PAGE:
Hazledine (2011), discusses that the Australian market is ‘predominately duopolistic’, with about three quarters of the routes are shared between Virgin and the remaining are Qantas’ monopolies. This implication leads to its dominance in the Australasian market being targeted by other leading aviation companies. The bulk of Qantas’ sales are from Australasia (Passport, 2013), though has been increasing interests from competing airlines seeking to capture their share hold of the region. However, with the significant investment of the expansion of Jetstar in the Asian territory, the notion of retaining a stronger consumer base will significantly intensify due to the construction of new routes with a code-sharing agreement signed with China Eastern (Passport, 2013).
In order to sustain their achievement thus far, the ability to capitalise costs and expand travel options for consumers on a global level leaves Qantas to transform its programme entirely, ‘becoming one of the world’s best premium airlines, setting global standards for long haul travel…” (Mules, 2013). Though with the fluctuating inconsistencies in the global sphere, this economically impacts on the business itself. Before the economic downturn, the business illustrated the competitive pressures from Virgin Australia and various low-cost carriers flying to Australia (IBISWorld, 2014). Its competitors highly influenced the profitability of the company with Virgin Blue successfully capturing the market share from Qantas, highlighting 30% – 40% lower costs than those of Qantas (Oxenbridge et al, 2010). The combination of the Global Financial Crisis (GFC) and the inherent volatility of the aviation industry (Financial Management, 2013), meant that in terms of economic environment, many were seeking to lower and affordable services. Jetstar, a positioned association of the Qantas brand, centres on minimizing costs through operational efficiencies (Oxenbridge et al, 2010).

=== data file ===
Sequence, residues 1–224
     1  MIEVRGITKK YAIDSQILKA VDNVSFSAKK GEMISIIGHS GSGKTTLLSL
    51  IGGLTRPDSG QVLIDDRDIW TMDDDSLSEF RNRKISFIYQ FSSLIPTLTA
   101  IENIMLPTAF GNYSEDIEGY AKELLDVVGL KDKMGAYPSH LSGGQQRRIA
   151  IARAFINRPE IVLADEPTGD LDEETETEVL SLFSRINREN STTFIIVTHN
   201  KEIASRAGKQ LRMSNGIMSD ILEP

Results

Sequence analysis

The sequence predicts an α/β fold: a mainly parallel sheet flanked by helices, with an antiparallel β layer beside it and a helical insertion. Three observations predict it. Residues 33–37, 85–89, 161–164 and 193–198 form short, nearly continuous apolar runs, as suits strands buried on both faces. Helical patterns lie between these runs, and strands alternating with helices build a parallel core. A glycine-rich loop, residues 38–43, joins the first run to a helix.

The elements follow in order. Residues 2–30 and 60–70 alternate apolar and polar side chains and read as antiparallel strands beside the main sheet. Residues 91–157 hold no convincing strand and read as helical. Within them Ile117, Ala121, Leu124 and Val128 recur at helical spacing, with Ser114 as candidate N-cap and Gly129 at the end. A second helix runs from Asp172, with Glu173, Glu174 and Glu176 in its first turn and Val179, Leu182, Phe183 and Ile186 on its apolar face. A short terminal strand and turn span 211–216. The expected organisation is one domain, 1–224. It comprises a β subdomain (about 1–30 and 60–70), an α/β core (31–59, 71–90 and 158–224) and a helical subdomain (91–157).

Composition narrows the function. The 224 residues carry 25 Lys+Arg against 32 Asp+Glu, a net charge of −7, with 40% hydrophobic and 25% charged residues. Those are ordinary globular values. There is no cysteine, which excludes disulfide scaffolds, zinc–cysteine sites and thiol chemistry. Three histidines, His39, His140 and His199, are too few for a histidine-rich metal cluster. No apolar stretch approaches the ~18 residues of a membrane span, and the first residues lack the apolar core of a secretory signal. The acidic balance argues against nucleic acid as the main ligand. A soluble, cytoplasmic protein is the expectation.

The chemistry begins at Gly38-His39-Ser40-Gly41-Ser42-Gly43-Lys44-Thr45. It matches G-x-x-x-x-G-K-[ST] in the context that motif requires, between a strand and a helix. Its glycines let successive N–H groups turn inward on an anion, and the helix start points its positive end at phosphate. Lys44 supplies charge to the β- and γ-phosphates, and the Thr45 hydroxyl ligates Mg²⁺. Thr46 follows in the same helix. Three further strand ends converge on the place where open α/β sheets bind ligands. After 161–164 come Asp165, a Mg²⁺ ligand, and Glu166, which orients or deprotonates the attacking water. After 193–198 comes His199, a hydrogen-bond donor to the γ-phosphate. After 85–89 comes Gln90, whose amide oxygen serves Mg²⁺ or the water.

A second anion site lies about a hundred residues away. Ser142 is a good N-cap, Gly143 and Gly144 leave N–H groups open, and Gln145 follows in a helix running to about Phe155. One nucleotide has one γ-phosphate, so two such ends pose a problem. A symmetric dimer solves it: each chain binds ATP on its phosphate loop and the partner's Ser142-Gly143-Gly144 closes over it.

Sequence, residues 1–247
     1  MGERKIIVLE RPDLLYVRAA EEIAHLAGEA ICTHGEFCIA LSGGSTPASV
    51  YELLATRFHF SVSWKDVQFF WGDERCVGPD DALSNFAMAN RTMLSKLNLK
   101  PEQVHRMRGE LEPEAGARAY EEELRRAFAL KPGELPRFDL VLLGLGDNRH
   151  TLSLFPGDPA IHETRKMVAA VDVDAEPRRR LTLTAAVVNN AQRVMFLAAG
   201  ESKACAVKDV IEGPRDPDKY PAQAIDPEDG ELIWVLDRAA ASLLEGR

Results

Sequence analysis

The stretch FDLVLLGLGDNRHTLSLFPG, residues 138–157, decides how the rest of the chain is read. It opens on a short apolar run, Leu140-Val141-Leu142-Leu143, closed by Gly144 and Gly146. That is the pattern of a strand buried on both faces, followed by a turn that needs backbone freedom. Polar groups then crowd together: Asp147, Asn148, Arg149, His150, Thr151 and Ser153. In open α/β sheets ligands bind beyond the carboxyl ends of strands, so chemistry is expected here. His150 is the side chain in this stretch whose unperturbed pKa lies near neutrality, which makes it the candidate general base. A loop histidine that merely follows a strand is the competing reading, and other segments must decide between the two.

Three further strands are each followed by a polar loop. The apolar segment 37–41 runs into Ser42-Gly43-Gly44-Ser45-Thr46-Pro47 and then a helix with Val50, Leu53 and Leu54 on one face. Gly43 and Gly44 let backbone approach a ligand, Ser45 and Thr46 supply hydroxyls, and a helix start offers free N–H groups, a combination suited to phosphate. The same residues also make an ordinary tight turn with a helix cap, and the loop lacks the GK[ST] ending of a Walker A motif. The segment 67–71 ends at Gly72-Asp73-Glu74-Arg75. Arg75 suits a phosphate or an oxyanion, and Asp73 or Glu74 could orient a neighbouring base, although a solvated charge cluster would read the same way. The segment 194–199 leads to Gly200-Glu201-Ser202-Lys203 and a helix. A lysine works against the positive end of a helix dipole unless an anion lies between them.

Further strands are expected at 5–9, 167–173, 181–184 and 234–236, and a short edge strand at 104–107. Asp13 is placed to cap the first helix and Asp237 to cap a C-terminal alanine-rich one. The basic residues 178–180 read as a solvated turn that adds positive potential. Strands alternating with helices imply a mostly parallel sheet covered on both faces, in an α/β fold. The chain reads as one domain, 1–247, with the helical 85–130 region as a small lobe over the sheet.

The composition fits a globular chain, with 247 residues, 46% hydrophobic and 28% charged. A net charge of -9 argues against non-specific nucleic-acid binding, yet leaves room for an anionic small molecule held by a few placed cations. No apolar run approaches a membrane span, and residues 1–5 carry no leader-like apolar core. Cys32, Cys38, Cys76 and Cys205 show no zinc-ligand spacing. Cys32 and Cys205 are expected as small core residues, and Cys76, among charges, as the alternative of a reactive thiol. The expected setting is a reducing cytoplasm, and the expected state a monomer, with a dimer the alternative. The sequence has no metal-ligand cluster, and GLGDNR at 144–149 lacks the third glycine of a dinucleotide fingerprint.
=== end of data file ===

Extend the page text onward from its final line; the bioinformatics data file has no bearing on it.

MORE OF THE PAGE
In recognition to this significant investment of Qantas, there has been an increased focus on Jetstar’s expansion into the Australasian region, by building stronger relationships in the effort to replicate the dominant market share of the domestic market to those in the Australasian region. Revenue evidently increased where it eventually reached the stage providing more than 100% of the Qantas group’s profits in 2009 (Danaher et al, 2011). Jetstar’s performance provides an opportunity to focus on Australian traffic into the Asian continent, as demand for low cost carriers remains high in Asia Pacific (Passport, 2013). Furthermore, the rising oil prices seem to reinstate huge challenges to the economic conditions of a company. They directly impact on the profitability of a business and has always been a major component contributing to cyclical nature of economic activity and the demand for air travel (O’Connell and Williams, 2011). With an 18% bill increase in 2012 (Market line, 2013), it pressurizes on the costs and margin of profitability of the company, which has led to an increase to internal and external costs.